I love my work but it can be distressing.
Few arrive at my professional door without some assumed guilt as to their own self-perceived previous fault. Becoming engaged in a business venture with someone about whom they always had reservations; keeping the wrong company; drinking too much; not looking out for their own safety.
Part of my job is to assure them that does not (necessarily) make them responsible for their misfortune. Indeed. personally, it often reflects to their own favour, as one-time optimists at least. But no group is worse in this, self-blaming, regard than the victims of domestic violence.
There is probably no worse stereotype than the “stereotypical” victim of domestic violence. Working (or at least potentially working) class; female; given to a drink themself and potentially as likely a perpetrator as a victim, if only physical strength allowed.
There is no stereotype. At a first divorce interview it is always a legitimate question as to whether there was ever in the violence in the relationship. And often you are strangely reassured as to human behaviour. The husband who never came straight home from his work, spending the evening in the pub with his mates, and otherwise dismissed as a worthless breadwinner, is nonetheless quizzically excused of any such accusation.
But, regrettably, on other occasion having been assured initially that all that has happened is that “we have drifted apart” in the most apparently otherwise externally perfect of relationships, you hear accounts of the Police being called but no charges preferred; visits to Accident and Emergency Departments innocently explained at the time; even. at the meeting with the lawyer after it is all over, suggestions that this is not really why the relationship has ended or excuses offered or equal blame, quite wrongly, accepted.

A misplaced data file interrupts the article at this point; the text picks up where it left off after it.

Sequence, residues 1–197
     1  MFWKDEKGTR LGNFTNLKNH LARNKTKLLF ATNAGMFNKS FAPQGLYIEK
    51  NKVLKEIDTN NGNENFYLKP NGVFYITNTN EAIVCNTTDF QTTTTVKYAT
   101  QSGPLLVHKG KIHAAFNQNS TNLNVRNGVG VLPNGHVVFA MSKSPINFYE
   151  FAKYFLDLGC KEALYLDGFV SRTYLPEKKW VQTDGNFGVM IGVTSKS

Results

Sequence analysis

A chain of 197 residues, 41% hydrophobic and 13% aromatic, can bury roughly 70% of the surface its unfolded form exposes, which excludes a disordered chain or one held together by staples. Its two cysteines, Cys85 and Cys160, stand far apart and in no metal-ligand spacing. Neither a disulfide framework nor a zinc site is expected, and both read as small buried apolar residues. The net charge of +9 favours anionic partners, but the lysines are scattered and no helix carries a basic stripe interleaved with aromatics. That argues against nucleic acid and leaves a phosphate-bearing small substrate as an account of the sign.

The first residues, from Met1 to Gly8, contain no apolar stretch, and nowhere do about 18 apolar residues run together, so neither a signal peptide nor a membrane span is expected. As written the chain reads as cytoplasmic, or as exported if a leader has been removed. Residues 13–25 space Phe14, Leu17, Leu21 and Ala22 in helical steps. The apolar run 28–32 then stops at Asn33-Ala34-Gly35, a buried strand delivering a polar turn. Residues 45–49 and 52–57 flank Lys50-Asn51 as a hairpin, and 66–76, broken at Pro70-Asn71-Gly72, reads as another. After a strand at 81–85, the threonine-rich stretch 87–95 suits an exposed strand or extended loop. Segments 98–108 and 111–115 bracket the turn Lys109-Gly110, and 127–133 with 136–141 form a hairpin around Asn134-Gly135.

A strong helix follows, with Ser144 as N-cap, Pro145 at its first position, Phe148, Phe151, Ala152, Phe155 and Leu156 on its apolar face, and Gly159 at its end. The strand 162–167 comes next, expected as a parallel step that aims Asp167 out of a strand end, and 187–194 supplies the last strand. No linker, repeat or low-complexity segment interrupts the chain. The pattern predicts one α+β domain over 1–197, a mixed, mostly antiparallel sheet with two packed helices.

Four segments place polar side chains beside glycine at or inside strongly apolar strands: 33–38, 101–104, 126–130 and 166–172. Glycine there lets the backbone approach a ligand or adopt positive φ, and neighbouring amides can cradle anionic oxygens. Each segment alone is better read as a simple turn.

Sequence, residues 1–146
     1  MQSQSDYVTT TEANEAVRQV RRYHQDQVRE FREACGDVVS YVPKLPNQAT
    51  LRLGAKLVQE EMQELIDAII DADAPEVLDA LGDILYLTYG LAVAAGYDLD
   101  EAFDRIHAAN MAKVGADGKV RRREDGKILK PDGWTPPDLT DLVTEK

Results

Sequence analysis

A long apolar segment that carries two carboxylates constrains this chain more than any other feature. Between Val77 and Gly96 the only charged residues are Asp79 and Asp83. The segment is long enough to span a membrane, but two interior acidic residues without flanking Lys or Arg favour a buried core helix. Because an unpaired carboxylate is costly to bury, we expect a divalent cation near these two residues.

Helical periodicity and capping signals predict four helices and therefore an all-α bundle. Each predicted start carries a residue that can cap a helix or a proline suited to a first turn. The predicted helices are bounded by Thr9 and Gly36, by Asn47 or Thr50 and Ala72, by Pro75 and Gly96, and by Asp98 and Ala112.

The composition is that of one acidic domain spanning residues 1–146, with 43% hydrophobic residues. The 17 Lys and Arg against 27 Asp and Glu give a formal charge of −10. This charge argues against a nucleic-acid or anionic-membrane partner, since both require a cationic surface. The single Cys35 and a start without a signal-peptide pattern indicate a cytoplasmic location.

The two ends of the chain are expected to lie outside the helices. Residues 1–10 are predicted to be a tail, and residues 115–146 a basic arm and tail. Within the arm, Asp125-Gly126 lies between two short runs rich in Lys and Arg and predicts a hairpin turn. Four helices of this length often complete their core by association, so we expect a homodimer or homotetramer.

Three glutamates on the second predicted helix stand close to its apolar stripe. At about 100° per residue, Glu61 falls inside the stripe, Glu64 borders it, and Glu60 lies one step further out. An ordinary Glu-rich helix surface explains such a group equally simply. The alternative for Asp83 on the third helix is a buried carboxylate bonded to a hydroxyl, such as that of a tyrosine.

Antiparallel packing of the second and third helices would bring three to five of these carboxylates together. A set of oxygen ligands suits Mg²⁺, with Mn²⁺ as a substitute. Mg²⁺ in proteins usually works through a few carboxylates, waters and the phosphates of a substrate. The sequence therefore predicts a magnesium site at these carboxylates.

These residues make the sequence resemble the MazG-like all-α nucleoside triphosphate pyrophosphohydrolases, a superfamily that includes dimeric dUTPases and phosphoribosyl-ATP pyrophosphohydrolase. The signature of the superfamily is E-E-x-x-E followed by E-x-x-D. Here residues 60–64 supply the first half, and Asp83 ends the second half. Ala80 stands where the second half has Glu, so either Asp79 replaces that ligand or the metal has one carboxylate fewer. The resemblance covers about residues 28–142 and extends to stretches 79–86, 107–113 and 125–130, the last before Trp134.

Domestic violence is not, ever, the fault of the victim. If it involves fault at all, on the part of anyone other than the perpetrator then it is with a society which refuses to accept that all victims are, genuinely, innocent in a way which prevents these victims from asserting that confidently themselves. A society which appears to suggest that having made your bed you should not be entitled to complain about having to lie in it.
This is a wholly inexcusable view of the world.
Domestic violence is a terrible thing, It scars the lives of the victims and it colours, for ever, the lives of the children caught up by it. It is always, unconditionally, unforgiveable. It is most certainly not the stuff from which cheap political analogies should be drawn.
Now, I don’t like Alex Salmond. He is a charlatan; an opportunist; a right-wing wolf in centre left clothing.
But, in the midst of his seductive appeal to the less informed among our citizenry I would never, ever, accuse him and his closest associates of being similar to a predatory paedophile ring offering sweets to a simple minded child in the hope of later taking sexual advantage of them. Why not? Because it would be a wholly inappropriate metaphor. Like comparing the Highland Clearances to the Holocaust or, dare I say it, Alex Salmond himself to Robert Mugabe.
So, equally, do I feel about today’s excrescence by Salmond’s female mini-me. Domestic violence is not the stuff to be given up to commonplace political discourse. Full stop and without qualification. If action is not taken against the commentator who apparently thinks this not to be the case then while that will say little about Joan McAlpine, it will certainly say an awful lot about the SNP.
They have 69 seats in a 129 seat Parliament. They don’t need Joan McAlpine; her vote or her opinion. Unless of course she actually speaks for what they truly believe.